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Ancient Tomb Helps Push Turkey to Authorize Force Against Islamic State

Threat to Suleyman Shah's tomb helps trigger Turkey's response to the jihadist group.

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Turkish soldiers stand guard at the revered tomb of Suleyman Shah, northeast of Aleppo, Syria.


Had it not been for Syria's brutal civil war, the tomb of Suleyman Shah would have likely remained a geographical footnote. But this week the 700-year-old tomb became a flashpoint that helped prod Turkey into entering the battle against the Islamic State (IS; also called ISIS or ISIL).

For centuries the tomb has stood beside the banks of the Euphrates, the river where Suleyman is presumed to have drowned in 1236 while on campaign in what is now Syria.

As the grandfather of Osman I, founder of the Ottoman Empire, his tomb and its accompanying shrine are revered historical sites for the Turks.

One of the clauses in the 1921 Treaty of Ankara, which shaped the boundaries of modern Syria, stipulated that the former Ottoman tomb would remain a Turkish exclave within the new Syria, flying the Turkish flag and protected by an honor guard of Turkish soldiers.

And so it has remained. Even when the tomb itself was physically shifted 50 miles (80.5 kilometers) upstream in 1973 to accommodate flooding from the Assad Dam, its essential Turkishness was never in doubt. Legally, spiritually, emotionally, it remained as Turkish in Turkish eyes as the Golden Horn—even though it lay 20 miles (32 kilometers) inside Syria.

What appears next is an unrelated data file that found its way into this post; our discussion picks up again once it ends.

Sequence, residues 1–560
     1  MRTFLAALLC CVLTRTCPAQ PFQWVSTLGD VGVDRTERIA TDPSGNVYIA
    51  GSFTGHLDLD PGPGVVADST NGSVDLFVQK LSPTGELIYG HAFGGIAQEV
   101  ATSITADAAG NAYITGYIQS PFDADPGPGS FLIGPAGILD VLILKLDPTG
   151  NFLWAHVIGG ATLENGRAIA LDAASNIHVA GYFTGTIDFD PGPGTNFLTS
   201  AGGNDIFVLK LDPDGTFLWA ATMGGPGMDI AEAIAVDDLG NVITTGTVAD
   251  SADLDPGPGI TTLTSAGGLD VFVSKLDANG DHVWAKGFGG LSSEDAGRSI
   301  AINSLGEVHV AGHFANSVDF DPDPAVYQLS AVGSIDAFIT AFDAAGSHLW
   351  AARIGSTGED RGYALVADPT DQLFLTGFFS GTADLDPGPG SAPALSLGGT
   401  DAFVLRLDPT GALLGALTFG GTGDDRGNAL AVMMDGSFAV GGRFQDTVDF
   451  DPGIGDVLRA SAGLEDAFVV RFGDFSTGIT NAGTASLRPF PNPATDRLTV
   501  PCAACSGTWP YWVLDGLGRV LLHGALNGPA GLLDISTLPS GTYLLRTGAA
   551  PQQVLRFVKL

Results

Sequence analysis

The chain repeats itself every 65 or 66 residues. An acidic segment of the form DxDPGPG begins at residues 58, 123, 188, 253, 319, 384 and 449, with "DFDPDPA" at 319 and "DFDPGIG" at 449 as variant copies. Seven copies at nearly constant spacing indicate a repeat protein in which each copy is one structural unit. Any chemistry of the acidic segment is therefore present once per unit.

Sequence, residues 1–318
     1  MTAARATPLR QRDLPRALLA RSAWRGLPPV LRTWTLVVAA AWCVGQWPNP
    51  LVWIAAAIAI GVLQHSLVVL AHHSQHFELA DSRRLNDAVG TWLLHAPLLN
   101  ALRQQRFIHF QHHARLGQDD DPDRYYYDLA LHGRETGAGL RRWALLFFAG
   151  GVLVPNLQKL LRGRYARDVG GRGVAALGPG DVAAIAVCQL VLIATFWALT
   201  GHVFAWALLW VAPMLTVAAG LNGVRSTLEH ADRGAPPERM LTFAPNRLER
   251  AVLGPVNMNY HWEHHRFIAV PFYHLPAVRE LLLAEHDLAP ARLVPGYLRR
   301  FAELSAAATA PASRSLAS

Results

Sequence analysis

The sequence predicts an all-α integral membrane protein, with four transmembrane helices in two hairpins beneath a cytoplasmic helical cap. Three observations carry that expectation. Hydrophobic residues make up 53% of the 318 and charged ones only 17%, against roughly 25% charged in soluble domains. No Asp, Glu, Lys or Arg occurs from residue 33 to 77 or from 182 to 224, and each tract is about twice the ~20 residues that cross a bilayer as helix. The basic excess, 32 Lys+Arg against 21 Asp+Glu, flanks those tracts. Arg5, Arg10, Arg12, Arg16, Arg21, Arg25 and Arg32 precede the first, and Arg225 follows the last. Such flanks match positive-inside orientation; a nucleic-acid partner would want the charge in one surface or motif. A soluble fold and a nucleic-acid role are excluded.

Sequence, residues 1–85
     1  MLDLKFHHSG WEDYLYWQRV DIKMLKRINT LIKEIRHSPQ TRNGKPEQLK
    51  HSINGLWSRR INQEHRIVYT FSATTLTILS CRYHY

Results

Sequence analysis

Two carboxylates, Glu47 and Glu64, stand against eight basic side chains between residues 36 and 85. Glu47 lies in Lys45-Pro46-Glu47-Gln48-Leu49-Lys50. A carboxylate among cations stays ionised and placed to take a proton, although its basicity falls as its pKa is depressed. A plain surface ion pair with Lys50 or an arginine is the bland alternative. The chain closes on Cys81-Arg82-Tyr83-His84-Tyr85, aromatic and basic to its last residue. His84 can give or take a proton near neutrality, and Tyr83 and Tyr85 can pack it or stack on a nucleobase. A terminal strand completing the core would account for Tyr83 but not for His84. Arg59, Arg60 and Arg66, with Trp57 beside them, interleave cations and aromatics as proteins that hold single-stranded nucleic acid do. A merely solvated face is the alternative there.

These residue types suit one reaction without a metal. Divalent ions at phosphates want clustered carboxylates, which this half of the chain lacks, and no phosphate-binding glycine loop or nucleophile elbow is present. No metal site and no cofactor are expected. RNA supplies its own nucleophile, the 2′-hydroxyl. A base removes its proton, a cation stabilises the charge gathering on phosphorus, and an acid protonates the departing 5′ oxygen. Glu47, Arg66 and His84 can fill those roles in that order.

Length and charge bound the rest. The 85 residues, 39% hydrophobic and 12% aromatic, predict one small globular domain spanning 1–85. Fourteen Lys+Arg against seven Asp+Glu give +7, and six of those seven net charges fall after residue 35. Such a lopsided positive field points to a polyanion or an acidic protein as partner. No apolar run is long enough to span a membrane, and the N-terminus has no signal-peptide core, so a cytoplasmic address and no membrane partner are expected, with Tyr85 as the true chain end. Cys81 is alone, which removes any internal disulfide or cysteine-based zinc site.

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In recent days bitter fighting between extremists from the Islamic State and Syrian Kurdish militias in the area has sent thousands of refugees streaming across the Turkish border. As IS fighters advanced on the town of Ayn al Arab (Kobane), near the tomb, Turkish leaders faced the question of what to do if Suleyman Shah's tomb is captured, let alone destroyed, as IS fighters have been known to destroy tombs and mosques elsewhere in Syria.

On Thursday Turkey's parliament voted 298 to 98 to authorize military action against Islamic State forces. It's unclear to what degree the tomb factored into the decision, but Turkish President Recep Tayyip Erdoğan has repeatedly said that his country would defend the tomb, which it regards as sovereign territory.

Earlier this year the 30 or so young conscripts who usually guard the sleepy outpost were replaced by 60 Special Forces troops. And this week the nation's senior ranking general, Necdet Özel, issued a statement saying that the Turkish army was prepared to come to the aid of the soldiers guarding the tomb.

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